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I'm a C++/C# developer and recently I've started to learn Python. I think I understand the concept of duck typing right now except for one thing.

When I'm coding in C++ or C# I sometimes create completely unrelated classes that have similar methods with similar signatures, for example: Create(), Open(), Close(), ProcessData(), etc. It's not a big deal in C++ or C# (unless you want to mess with C++ templates), but in languages with duck typing like Python this could cause a disaster. Consider the following example:

class DbTransaction:
    def rollback(self):
        pass

class SourceControlChangeset:
    def rollback(self):
        pass

def rollback_transaction(transaction):
    transaction.rollback()

transaction = DbTransaction()
changeset = SourceControlChangeset()
rollback_transaction(transaction)
rollback_transaction(changeset) # Oops!

Maybe be example is a bit artificial, but I think this could happen pretty easily in a big project with many classes.

What should I do in this situation? I think that type checking is not "pythonic" so my only idea is to change naming convention for class methods like this:

class DbTransaction:
    def rollback_transaction(self):
        pass

class SourceControlChangeset:
    def rollback_changeset(self):
        pass

Any ideas?

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2 Answers 2

up vote 3 down vote accepted

In Clean Code, Robert Martin argues that even with static typing, you should avoid what he calls "punning," meaning giving the same name to two methods that aren't semantically similar. That means if you consider transaction.rollback and changeset.rollback to be semantically different, you should try to choose another name for one of them, whether you are doing duck typing or not.

In your particular example the name makes the semantics of each case obvious, even though the context is different, so it's okay to leave the name the same. You're mostly concerned with preventing accidentally passing one kind of object into a context meant for the other.

To be blunt, that's the trade-off you make when choosing duck typing. You increase the risk of using the wrong type, which requires somewhat more testing, but in exchange you gain increased reusability with less hassle. If you want the benefits of strong static typing, you should choose your language and architecture accordingly. You can't have your cake and eat it too.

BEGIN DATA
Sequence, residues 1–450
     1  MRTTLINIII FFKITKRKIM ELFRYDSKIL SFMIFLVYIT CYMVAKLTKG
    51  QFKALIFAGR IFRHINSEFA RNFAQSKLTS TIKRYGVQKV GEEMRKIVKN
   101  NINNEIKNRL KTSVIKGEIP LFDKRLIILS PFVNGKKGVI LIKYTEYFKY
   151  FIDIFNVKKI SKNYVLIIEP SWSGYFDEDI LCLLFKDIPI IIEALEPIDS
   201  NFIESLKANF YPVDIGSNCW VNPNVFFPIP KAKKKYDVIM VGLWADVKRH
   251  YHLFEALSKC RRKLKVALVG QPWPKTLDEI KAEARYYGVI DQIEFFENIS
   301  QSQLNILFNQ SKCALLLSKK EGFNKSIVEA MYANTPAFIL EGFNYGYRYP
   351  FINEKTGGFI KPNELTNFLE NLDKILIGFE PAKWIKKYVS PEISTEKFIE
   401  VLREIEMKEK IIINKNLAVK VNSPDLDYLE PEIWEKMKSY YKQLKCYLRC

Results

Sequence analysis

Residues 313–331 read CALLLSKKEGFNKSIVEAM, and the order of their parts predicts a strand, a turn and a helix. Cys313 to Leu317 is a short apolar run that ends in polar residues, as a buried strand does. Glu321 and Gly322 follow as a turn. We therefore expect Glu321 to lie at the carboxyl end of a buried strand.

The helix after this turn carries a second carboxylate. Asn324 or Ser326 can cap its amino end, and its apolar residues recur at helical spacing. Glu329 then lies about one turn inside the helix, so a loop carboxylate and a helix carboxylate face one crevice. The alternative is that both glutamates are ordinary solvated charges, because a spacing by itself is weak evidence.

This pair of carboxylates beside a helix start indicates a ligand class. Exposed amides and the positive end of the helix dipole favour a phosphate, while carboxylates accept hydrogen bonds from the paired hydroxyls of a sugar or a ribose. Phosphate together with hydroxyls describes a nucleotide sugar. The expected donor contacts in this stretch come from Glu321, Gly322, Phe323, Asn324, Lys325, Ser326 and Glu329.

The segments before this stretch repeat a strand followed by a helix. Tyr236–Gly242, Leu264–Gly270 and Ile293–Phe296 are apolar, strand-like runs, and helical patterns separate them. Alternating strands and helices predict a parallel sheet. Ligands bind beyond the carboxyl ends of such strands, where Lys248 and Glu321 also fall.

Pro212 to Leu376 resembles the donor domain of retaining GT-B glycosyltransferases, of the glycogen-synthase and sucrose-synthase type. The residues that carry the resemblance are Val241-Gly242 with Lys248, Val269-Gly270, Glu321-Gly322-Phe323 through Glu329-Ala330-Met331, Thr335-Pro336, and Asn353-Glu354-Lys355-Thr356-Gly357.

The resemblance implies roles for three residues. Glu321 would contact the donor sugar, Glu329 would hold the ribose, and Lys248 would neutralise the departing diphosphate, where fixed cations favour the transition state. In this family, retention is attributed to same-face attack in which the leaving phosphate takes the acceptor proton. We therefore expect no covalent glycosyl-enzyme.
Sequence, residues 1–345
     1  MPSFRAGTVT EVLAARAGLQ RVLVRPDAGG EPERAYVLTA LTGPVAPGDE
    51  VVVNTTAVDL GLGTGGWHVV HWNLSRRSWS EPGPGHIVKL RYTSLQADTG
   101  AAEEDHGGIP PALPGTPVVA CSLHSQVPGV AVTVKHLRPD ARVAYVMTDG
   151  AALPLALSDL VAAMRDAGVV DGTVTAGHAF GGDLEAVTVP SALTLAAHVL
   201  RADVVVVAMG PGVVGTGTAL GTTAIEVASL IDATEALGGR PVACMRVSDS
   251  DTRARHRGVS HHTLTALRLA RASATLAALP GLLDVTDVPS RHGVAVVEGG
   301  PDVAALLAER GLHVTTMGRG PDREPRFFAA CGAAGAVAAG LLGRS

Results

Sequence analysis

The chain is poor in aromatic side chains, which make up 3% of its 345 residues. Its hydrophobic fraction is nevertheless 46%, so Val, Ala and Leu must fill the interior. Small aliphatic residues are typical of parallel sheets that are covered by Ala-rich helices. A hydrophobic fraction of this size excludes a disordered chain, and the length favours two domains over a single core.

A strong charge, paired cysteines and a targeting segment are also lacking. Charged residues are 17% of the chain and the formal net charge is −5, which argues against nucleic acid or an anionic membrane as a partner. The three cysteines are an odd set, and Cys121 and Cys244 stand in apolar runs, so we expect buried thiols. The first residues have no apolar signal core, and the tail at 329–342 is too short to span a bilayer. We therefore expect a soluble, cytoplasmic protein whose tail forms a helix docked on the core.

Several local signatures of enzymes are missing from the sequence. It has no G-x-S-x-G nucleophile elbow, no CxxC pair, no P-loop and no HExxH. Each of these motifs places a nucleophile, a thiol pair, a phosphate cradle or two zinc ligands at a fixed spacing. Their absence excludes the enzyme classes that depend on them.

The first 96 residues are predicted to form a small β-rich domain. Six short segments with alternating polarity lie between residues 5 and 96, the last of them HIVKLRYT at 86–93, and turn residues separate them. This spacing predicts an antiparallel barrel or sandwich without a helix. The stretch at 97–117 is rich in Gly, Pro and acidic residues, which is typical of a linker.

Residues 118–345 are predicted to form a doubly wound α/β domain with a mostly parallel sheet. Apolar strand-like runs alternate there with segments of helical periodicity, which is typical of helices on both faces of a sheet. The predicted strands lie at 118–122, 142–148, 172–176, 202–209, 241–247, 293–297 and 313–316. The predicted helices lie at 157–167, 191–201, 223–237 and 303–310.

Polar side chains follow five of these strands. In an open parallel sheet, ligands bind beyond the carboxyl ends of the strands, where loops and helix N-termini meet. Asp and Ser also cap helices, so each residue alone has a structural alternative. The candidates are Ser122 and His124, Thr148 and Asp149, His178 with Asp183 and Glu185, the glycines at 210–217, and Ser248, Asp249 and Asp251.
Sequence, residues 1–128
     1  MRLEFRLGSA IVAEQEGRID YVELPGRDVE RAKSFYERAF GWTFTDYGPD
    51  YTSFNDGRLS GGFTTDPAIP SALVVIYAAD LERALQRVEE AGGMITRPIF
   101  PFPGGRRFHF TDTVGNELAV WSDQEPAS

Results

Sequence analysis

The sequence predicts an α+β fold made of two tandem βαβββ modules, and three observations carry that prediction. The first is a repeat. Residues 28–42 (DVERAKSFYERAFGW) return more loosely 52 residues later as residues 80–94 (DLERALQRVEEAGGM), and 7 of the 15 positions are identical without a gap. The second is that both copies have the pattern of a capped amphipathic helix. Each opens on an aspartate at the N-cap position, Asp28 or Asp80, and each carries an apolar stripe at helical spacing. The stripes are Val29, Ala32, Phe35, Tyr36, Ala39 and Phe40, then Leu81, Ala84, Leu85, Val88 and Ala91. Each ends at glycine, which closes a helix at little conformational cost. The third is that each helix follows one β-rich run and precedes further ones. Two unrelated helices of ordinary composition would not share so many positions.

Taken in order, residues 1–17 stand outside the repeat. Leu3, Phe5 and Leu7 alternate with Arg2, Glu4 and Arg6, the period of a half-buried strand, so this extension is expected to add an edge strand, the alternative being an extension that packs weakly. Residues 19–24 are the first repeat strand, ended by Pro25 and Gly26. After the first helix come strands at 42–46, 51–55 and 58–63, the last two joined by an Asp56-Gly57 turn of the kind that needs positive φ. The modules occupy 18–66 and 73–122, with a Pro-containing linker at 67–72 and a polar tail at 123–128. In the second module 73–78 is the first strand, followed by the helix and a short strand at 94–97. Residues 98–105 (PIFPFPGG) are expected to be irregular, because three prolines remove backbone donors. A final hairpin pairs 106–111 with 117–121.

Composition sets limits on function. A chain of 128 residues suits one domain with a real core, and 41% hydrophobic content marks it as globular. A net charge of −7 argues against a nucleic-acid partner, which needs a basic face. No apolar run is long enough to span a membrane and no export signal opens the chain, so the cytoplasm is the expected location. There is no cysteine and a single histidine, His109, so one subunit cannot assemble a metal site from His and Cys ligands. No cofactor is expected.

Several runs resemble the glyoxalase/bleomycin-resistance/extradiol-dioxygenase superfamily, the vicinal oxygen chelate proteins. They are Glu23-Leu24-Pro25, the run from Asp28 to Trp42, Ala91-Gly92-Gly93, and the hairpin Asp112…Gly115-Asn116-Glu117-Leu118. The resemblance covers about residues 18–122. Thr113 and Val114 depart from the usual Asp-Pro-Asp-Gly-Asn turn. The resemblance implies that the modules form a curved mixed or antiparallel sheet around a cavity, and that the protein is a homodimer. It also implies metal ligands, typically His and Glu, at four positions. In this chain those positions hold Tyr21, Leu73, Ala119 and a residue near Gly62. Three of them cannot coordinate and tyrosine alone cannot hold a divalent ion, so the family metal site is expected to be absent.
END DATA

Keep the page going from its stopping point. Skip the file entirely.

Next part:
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1  
+1 for "that's the trade-off you make when choosing duck typing". –  Ross Patterson May 4 at 1:45
    
One use of interfaces, in a sense, is to say that if Collection and NumericVector both have Add methods, then one may think of the methods as though they had distinct names Collection_Add and NumericVector_Add. Many languages with interfaces require that any particular reference be bound to a single interface, but conceptually duck-typing and interfaces could work very well together if it was possible to cast any object which implements both IWalkLikeDuck and IQuackLikeDuck to {IWalkLikeDuck,IQuackLikeDuck}. –  supercat Jun 12 at 16:29

The unfortunate side effect of Duck Typing is that sometimes it isn't a duck, even if it walks like a duck and quacks like a duck. Duck Typing only works in limited areas of similarity.

Your example, however, is itself a problem. You should never rollback_transaction(transaction), you should always transaction.rollback(). If you have a valid reason to wrap the behavior of a method, you should do it "objectally", not procedurally, by creating a wrapper object whose method wraps the inner object's method.

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-1 for "procedural is bad, object is good". No matter what somebody thinks about those approaches, procedural functions have their place. And this have nothing to do with the issue at hand. –  Javier May 3 at 14:56
1  
I wouldn't go as far as downvoting this, but I don't understand the answer. Could you clarify what is meant by “If you have a valid reason to wrap the behavior of a method, you should do it "objectally", not procedurally, by creating a wrapper object whose method wraps the inner object's method”, and how this solves the problem in the question? –  amon May 3 at 15:30
    
@Javier Actually, procedural vs. object is exactly the issue. Duck mis-Typing doesn't happen in the procedural world. Which, although you wouldn't know it from my answer, is my world. I'm more of a "procedural good, object likely misused" kind of guy. –  Ross Patterson May 4 at 1:40
    
@amon The point, which I obviously didn't get across, is that this sort of problem happens when you try to apply procedural techniques to objects. Duck Typing is a peculiarity of certain object systems, and it doesn't happen if you wrap objects to add/augment methods instead of applying functions to them. –  Ross Patterson May 4 at 1:44

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